But what about the people who don’t already know they should be paying attention?
If anything I’ve done all year has the potential to help change cultures of non-believers, or at least the uninitiated, the discussion guide that published last night is it.
“Community engagement: A practical conversation for newsrooms” is the final product of my RJI fellowship. And I’ve known all year that it, or something like it, would be more useful and more understandable than my other reports.
I rely a lot on the research coming out of the Pew Research Center’s Project for Excellence in Journalism, and I was thrilled this morning to get to hear Tom Rosenstiel himself speak to the Association of Alternative Newsweeklies about the state of the media industry. It’s in New Orleans. At the Ritz. It’s a tough job, but someone’s got to do it.
I was even more thrilled that his session was right before mine (which was about keeping the focus on the audience), because so much of the message I tried to get across was made more salient by the research he shared. In fact, I kept joking during my session that I was citing him too much! So Tom, thanks for the awesome intro you didn’t know you were giving!
Tom is one of the authors of “The Elements of Journalism,” a book that’s required for Mizzou journalism students. (I referenced it in a Nieman Reports piece this spring, adding my own obligation that I think journalists have to identify and attempt to connect with the audience.)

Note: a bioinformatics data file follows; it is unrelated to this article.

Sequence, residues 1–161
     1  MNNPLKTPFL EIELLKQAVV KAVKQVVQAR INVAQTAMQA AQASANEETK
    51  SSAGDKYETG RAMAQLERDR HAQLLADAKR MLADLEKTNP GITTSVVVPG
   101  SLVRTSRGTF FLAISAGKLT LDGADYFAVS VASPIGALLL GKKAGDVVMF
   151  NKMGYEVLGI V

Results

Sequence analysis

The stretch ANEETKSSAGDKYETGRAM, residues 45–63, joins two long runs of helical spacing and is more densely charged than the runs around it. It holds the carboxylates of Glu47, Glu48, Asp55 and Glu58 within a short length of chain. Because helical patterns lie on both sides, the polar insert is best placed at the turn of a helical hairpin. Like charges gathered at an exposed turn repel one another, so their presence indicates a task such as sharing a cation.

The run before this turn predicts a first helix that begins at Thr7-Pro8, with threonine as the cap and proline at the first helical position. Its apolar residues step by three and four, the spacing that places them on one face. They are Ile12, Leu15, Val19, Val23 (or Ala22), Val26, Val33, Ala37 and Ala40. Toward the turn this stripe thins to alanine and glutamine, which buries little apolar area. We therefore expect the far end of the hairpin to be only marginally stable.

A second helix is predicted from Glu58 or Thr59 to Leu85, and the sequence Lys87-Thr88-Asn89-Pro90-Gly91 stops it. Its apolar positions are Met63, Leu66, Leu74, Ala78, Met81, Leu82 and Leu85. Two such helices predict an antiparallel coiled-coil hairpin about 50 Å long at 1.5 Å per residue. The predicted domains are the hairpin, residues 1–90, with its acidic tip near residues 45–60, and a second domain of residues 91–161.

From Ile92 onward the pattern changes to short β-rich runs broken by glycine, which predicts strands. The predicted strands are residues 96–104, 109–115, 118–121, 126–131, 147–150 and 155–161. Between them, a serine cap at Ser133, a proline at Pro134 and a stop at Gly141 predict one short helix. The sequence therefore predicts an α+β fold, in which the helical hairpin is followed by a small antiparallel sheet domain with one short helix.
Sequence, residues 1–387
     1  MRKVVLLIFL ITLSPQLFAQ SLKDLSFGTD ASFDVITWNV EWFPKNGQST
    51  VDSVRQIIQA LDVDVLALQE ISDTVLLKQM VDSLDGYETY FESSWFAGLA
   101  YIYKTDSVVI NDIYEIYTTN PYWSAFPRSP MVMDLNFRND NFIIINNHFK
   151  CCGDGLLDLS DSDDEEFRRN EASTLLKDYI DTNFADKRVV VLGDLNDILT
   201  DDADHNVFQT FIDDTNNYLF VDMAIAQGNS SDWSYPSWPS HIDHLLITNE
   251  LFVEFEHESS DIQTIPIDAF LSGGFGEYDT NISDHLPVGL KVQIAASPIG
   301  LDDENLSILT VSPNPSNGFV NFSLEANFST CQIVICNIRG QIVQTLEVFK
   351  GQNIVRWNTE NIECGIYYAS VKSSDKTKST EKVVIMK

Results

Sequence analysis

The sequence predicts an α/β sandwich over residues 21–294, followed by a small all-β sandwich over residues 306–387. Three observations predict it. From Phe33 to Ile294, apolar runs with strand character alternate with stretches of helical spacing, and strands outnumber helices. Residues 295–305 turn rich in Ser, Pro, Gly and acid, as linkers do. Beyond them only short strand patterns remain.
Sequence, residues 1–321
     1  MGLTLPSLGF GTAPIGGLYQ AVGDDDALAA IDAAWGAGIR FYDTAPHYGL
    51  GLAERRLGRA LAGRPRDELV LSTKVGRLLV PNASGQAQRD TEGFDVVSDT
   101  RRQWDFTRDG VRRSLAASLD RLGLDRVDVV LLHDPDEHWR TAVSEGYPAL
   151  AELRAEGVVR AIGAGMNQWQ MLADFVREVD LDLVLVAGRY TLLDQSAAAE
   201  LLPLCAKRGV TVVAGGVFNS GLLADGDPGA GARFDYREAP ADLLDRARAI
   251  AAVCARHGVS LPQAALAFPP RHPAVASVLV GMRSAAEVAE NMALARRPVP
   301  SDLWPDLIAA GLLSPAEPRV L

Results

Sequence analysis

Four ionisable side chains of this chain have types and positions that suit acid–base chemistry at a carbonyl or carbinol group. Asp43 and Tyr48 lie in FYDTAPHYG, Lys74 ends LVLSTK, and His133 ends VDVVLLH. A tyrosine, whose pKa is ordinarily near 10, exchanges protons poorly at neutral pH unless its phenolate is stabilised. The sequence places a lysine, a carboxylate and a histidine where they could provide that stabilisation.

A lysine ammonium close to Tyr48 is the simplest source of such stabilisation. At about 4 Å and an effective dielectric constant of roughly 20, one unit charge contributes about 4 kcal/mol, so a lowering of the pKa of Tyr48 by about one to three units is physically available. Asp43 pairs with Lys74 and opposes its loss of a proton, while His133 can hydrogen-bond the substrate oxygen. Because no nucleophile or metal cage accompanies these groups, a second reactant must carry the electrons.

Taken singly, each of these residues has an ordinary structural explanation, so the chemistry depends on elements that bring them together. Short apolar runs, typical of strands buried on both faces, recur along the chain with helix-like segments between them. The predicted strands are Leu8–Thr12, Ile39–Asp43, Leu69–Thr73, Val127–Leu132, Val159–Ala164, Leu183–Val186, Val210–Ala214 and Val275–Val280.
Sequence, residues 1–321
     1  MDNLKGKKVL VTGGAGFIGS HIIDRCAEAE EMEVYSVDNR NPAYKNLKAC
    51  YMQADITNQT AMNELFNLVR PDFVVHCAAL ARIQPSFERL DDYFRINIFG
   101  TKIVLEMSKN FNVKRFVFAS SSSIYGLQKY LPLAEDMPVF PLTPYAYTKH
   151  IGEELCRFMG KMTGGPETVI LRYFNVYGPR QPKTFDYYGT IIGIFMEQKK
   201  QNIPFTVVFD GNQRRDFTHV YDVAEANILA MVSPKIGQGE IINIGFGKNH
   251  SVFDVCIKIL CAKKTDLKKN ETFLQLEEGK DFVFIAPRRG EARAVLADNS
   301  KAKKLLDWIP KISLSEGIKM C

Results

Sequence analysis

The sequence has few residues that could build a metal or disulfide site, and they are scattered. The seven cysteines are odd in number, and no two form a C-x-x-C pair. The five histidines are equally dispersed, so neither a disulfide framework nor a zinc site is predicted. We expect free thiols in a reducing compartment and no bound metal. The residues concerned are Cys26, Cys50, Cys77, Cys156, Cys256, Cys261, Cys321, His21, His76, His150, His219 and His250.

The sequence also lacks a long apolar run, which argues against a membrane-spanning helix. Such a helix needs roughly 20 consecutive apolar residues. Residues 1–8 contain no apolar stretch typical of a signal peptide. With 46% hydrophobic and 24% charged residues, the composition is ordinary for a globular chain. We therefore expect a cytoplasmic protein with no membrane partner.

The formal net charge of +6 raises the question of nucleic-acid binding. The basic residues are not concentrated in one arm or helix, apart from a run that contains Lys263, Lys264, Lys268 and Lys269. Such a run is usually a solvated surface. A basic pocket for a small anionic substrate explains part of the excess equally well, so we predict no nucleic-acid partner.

Tom shared some general observations about the changing culture of information consumption — nuggets of wisdom like:
— The power is shifting from journalists to their communities.
As part of my RJI fellowship, I conducted dozens of interviews with journalists and non-journalists about how a more social culture is changing the relationships between institutions and the people they serve. I talked to academics and practitioners. To people from the corporate world and nonprofit leaders. And I sought out journalists whose job duties include a focus on audience.
That’s what engagement really is, the way I’ve studied it: A focus on, respect for and enthusiasm about the role of the audience.
Of the many challenges news organizations confront, there is one that inspires my research, informs my teaching, and ignites my imagination. It involves the disintegrating connection between journalists and their audiences — the separation of journalists from their communities that has taken place through the years. With the notion of objectivity having become such a dominant strategy, sometimes this distancing has been intentional.